Inaugurated in 2017, the Penang Monthly Book Prize returned for its second edition last November. “Penang Monthly will soon be celebrating its 10th anniversary, and through the book prize wants to show recognition for, and to celebrate exceptional works of English fiction written with Malaysia as its partial or full narrative background,” says editor Dato’ Dr Ooi Kee Beng, who is also Executive Director of Penang Institute, the publisher of the magazine.
The Selection Process
Submissions for the book prize concluded in July 2018, and a shortlist of the four most promising titles were announced soon after. “The selection process actually took a while; we were wrangling back and forth because each book had distinctive features which made them very special in their own way,” says Dr Grace V.S. Chin, who with Dr Mohamad Rashidi Mohd Pakri – both senior lecturers with the English Language Studies programme at Universiti Sains Malaysia, and Ooi formed the judging panel.
The 2018 shortlist comprised:
1) Marriage and Mutton Curry by M. Shanmughalingam. A collection of short stories portraying the concerns and intrigues of the Jaffna Tamil community in Malaya, it explores what happens when we hold on to or when we choose to leave behind our traditions and identities in a changing world.
2) Cold East by Gabija Grušaitė follows author and minor social media influencer Stasys Šaltoka’s journey to South-east Asia where a chance meeting with an enigmatic Russian leads him to document the murder of a mysterious Mongolian model that implicates a prime minister and his jewel-hoarding wife.
3) Iban Woman by Golda Mowe narrates the deadly tasks 20-year-old Ratai must overcome, both in the forests of Borneo and in the Iban dream world after a bad omen befalls her longhouse, all the while balancing between her desire to be the perfect Iban woman and her lust for adventure.
4) Finding Maria by Dawn Farnham is at once a mother’s quest for her child, an unravelling mystery, and a journey into suppressed memory and the nature of self-delusion.
The post-modernistic Cold East took home the coveted prize. “Raw, exciting and cutting-edge, the reader is immersed in a millennial yet fragmented world of story-telling, vacillating between the protagonist’s desire to engage, but also retreat from his new surroundings. This sense of alienation and isolation is characteristic of twentieth and twenty-first century literature, and we thought Grušaitė captured brilliantly the kind of ‘outsider view’ of Malaysia and the disorienting culture shock that comes with it,” says Chin.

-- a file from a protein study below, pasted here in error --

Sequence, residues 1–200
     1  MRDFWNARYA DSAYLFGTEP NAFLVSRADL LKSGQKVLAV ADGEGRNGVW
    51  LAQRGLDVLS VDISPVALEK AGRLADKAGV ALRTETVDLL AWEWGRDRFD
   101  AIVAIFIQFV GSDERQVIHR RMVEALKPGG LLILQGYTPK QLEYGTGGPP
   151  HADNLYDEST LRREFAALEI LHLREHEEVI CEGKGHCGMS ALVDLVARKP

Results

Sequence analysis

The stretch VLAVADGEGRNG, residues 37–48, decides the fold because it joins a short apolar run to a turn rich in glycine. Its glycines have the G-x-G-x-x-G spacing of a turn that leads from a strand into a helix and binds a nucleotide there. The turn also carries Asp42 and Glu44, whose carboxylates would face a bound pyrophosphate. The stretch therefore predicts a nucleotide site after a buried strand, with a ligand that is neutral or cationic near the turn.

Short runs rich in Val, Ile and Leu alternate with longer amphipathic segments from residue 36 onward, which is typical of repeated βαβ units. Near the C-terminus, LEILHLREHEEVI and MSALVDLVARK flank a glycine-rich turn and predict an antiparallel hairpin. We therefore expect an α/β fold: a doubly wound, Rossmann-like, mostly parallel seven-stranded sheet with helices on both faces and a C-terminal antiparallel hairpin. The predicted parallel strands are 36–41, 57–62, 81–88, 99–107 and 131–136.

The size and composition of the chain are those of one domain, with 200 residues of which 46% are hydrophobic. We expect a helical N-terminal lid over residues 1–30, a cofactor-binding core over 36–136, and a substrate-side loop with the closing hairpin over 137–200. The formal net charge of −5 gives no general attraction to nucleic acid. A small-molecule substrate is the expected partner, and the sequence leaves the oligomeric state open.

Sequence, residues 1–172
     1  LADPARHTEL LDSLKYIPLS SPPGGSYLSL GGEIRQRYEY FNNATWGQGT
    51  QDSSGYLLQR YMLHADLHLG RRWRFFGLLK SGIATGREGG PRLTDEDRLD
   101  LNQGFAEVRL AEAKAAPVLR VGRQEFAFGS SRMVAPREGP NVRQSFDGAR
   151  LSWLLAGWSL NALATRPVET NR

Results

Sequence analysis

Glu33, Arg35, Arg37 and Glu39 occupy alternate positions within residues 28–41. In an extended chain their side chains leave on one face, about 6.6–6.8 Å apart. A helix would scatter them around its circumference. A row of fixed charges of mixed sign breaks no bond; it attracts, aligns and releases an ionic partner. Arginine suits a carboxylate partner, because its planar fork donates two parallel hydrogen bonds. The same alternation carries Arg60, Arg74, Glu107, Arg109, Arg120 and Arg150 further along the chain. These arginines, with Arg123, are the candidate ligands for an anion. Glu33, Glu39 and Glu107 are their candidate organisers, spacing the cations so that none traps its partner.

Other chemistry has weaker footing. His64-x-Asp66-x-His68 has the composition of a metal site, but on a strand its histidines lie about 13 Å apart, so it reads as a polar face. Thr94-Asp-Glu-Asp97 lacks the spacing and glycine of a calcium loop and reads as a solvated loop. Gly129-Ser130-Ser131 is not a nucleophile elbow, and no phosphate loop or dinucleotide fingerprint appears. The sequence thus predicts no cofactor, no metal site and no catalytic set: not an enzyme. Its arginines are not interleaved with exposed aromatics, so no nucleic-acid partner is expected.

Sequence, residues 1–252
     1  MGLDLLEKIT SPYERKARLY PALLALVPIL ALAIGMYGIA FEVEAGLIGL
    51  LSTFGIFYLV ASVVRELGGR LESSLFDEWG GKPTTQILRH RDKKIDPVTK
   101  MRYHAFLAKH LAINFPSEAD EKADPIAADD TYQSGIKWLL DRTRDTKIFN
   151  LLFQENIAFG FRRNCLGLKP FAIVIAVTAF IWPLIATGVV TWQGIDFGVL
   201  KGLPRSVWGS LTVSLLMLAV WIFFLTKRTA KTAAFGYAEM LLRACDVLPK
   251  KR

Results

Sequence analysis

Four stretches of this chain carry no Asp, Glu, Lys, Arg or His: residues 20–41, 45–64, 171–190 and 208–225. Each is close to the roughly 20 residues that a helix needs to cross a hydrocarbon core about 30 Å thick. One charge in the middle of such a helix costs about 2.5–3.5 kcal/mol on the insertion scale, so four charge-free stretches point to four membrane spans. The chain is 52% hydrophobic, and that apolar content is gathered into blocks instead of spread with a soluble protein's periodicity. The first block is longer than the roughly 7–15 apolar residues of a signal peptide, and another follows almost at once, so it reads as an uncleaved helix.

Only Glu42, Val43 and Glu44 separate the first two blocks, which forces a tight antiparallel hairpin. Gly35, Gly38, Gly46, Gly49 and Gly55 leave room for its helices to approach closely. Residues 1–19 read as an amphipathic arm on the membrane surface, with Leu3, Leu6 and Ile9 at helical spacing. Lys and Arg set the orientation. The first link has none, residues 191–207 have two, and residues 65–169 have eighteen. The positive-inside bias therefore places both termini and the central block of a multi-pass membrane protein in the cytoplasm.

Cold East is Grušaitė’s second novel following the critically acclaimed Unfulfilled that captured the psyche of post-Soviet millennials who left the country to pursue their education in Western Europe, the first Lithuanian generation to experience globalisation. Like her debut novel, Cold East has strong elements of controversy, inspired by political events in Malaysia. “I thought it was very brave of Clarity Publishing to decide on publishing my book, and to be awarded the Penang Monthly Book Prize makes it even more special,” says Grušaitė.
Future editions of the Penang Monthly Book Prize will broaden the scope of entry to include non-fiction and poetry as well, says Ooi in his closing remarks. “Starting from 2019, the book prize will be awarded to different genres year by year; to fiction, non-fiction and poetry on a rotational basis. This way, works in other languages can also be submitted, and the advantage of this is there will be a greater crop of literary works to choose from over the three-year period for each genre.”
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